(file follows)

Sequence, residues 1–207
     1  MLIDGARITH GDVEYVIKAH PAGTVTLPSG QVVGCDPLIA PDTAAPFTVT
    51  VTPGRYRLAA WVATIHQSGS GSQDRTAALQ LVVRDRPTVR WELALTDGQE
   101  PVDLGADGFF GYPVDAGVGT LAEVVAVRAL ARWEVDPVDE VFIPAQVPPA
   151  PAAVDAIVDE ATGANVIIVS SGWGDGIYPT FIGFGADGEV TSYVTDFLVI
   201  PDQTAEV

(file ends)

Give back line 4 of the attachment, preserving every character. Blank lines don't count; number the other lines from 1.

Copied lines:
   101  PVDLGADGFF GYPVDAGVGT LAEVVAVRAL ARWEVDPVDE VFIPAQVPPA